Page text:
Sunday, August 12, 2012

Make a Beeline Away from That Feline

"With my aversion to this cat, however, its partiality for myself seemed to increase. It followed my footsteps with a pertinacity which it would be difficult to make the reader comprehend. Whenever I sat, it would crouch beneath my chair, or spring upon my knees, covering me with its loathsome caresses. If I arose to walk it would get between my feet and thus nearly throw me down, or, fastening its long and sharp claws in my dress, clamber, in this manner, to my breast. At such times, although I longed to destroy it with a blow, I was yet withheld from so doing, partly by a memory of my former crime, but chiefly - let me confess it at once - by absolute dread of the beast"

I haven't touched an actual game console in a while now and my hands are itching for a controller, but would connecting my PSP to a TV sorta count as playing on a console? -> Random thoughts.

Akagawa Jirou is one of the big names in the Japanese publication world. Famous for his humorous mystery novels and one of the most prolific writers around. I haven't read that much novels written by him, but most of his stories seem to be light mysteries that are easy to read, but with little to offer for those interested in orthodox puzzlers. Which was why I kinda surprised to see his Mikeneko Holmes no Suiri ("Calico Cat Holmes' Deduction") taking a rather high spot in a list of best locked room mysteries voted by Japanese mystery writers. So I decided to take a look at it. The murder on a female student seems to be connected to with rumors of a prostitution racket run from a local women's university and police detective Katayama Yoshitarou is ordered to investigate whether the rumors are true, as Katayama's superior was personally asked a favor from the university's faculty director. And Katayama was the obvious choice for such an investigation, as he is absolutely hopeless as a police detective, being afraid of blood and dead bodies (and women among others), so he wouldn't be of much help in investigating the actual murder. Katayama has only just started his investigation though when the faculty director is found murdered in a cafeteria one morning. A locked cafeteria. Has this to do with the prostitution ring, or are there other sinister plots at play at the university? Luckily though, Katayama isn't alone in his investigation, because the faculty director's cat, a calico cat called Holmes, seems to be a lot smarter than you'd expect from a cat...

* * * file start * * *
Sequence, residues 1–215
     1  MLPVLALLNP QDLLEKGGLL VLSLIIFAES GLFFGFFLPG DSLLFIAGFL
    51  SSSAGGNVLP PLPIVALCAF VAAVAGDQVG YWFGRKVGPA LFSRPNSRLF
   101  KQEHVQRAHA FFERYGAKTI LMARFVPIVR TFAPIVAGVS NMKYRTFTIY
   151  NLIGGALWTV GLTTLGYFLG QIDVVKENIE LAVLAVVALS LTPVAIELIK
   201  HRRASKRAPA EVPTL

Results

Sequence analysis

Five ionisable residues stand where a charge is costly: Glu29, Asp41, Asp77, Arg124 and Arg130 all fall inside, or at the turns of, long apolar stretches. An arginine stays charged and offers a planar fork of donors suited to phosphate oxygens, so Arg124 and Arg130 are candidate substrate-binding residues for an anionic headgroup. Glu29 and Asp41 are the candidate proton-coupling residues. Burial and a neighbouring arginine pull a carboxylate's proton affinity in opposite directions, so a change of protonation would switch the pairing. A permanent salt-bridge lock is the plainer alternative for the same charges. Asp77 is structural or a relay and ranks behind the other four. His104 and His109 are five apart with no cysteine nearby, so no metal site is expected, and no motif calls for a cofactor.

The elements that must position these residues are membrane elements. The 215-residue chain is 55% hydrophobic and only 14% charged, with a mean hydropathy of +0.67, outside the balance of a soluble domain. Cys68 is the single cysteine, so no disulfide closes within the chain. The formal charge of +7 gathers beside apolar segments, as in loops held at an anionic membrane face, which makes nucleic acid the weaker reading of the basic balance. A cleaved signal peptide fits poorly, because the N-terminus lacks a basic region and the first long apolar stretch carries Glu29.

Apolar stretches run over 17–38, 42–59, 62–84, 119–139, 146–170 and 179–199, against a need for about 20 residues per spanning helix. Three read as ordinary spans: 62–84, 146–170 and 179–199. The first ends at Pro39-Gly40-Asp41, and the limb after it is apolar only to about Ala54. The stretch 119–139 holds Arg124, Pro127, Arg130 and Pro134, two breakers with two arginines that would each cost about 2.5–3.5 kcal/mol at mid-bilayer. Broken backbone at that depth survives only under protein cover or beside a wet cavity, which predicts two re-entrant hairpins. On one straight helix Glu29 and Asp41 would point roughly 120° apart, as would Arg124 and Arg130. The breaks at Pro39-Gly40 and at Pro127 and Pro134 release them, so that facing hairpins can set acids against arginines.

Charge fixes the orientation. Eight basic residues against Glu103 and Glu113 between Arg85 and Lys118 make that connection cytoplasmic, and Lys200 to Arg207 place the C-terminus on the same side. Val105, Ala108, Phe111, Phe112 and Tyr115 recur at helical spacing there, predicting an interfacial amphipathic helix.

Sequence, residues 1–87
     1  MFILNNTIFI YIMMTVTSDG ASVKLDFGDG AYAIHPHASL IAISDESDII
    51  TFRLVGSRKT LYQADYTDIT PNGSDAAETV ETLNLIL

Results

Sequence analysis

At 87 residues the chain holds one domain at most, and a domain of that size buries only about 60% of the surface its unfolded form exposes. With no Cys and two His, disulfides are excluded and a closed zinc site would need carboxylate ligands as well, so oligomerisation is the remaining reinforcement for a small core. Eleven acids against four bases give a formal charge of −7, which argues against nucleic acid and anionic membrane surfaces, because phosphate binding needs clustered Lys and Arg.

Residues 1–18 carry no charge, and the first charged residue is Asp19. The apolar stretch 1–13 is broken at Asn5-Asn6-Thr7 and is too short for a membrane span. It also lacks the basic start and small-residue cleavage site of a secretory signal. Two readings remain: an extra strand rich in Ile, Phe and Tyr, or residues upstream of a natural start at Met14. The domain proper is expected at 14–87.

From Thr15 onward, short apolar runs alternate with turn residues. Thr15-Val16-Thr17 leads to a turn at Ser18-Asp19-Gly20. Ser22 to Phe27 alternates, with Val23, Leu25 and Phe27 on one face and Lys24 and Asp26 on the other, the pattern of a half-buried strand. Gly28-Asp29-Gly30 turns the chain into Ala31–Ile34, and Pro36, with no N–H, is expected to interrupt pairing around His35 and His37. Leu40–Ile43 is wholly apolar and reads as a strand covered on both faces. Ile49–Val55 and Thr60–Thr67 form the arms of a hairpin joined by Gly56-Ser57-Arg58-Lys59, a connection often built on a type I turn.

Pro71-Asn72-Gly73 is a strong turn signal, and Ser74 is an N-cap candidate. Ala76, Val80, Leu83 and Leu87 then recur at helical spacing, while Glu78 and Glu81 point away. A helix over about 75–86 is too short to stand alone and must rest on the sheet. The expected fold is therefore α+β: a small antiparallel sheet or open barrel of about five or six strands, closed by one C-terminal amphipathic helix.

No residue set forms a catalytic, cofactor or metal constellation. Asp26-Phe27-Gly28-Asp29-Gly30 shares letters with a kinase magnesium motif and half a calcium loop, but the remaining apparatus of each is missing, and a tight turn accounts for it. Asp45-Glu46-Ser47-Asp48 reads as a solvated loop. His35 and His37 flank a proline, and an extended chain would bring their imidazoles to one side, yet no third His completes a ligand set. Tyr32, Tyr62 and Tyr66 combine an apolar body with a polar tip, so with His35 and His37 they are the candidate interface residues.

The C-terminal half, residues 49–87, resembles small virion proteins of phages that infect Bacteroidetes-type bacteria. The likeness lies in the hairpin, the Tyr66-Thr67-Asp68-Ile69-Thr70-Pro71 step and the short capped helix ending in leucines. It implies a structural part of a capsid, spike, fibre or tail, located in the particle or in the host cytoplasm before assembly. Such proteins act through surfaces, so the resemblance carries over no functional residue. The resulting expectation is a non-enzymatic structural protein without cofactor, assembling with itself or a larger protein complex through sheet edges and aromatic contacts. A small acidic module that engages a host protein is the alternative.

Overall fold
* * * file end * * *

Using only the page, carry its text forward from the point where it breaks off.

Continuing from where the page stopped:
Oh, did I mention that this is the first novel in the highly popular Mikeneko Holmes (Calico Cat Holmes) series? The series detective is actually a cat. Katayama and Holmes meet for the first time here, but the pattern is the same in the subsequent novels: Holmes has a knack for deduction it seems, as she gives hints to Katayama (by 'accidently' exposing clues or even arranging items in a way to push Katayama's thoughts in the right direction) and she sometimes even attacks (would-be) murderers. Holmes is like Conan. Only she's a cat. Katayama is the one who in the end 'solves' the locked room murder case, but only because Holmes helped him a lot.

Of course, my personal theory is that Holmes is actually the big bad behind everything: I mean, if I am to expect that Holmes is able to subtly guide the thoughts and actions of Katayama, what withholds me from thinking Holmes might be doing the same with the criminals, subtly tempting them to murder and giving them hints in hiding their deeds? So in my world, Holmes is actually playing around with all humans, tempting them into murder with one paw, while guiding the police with the other. You have to do something with your spare time if you're a genius cat.

But back to the book. Mikeneko Holmes no Suiri is a very easy to read book and I mean that in the linguistic way as well as well as in regards to the plot. Just set your mindset to "what-to-expect-in-a-two-hour-TV-drama" and you're prepared for every plot twist the story tries to throw at you. Which is a lot. But seriously, there is not one single surprising development in this whole novel. Heck, even the way the story is written feels like a standard mystery TV drama, with occasional scene cuts to the murder victims just before... they actually become victims.

Though I was sorta suprised by the theme of a prostition ring run from an university though. The novel was first published in 1978, which means it should predate most discussion regarding enjo kousai, which is admittely not completely the same (age of participants, the actual services rendered and payment methods), but I do wonder how this novel was read within the Japanese society in the late 80's~early 90's. Especially as to me, the description of the students and the university felt kinda vague and at times, I totally forgot it was about an university and not a high school.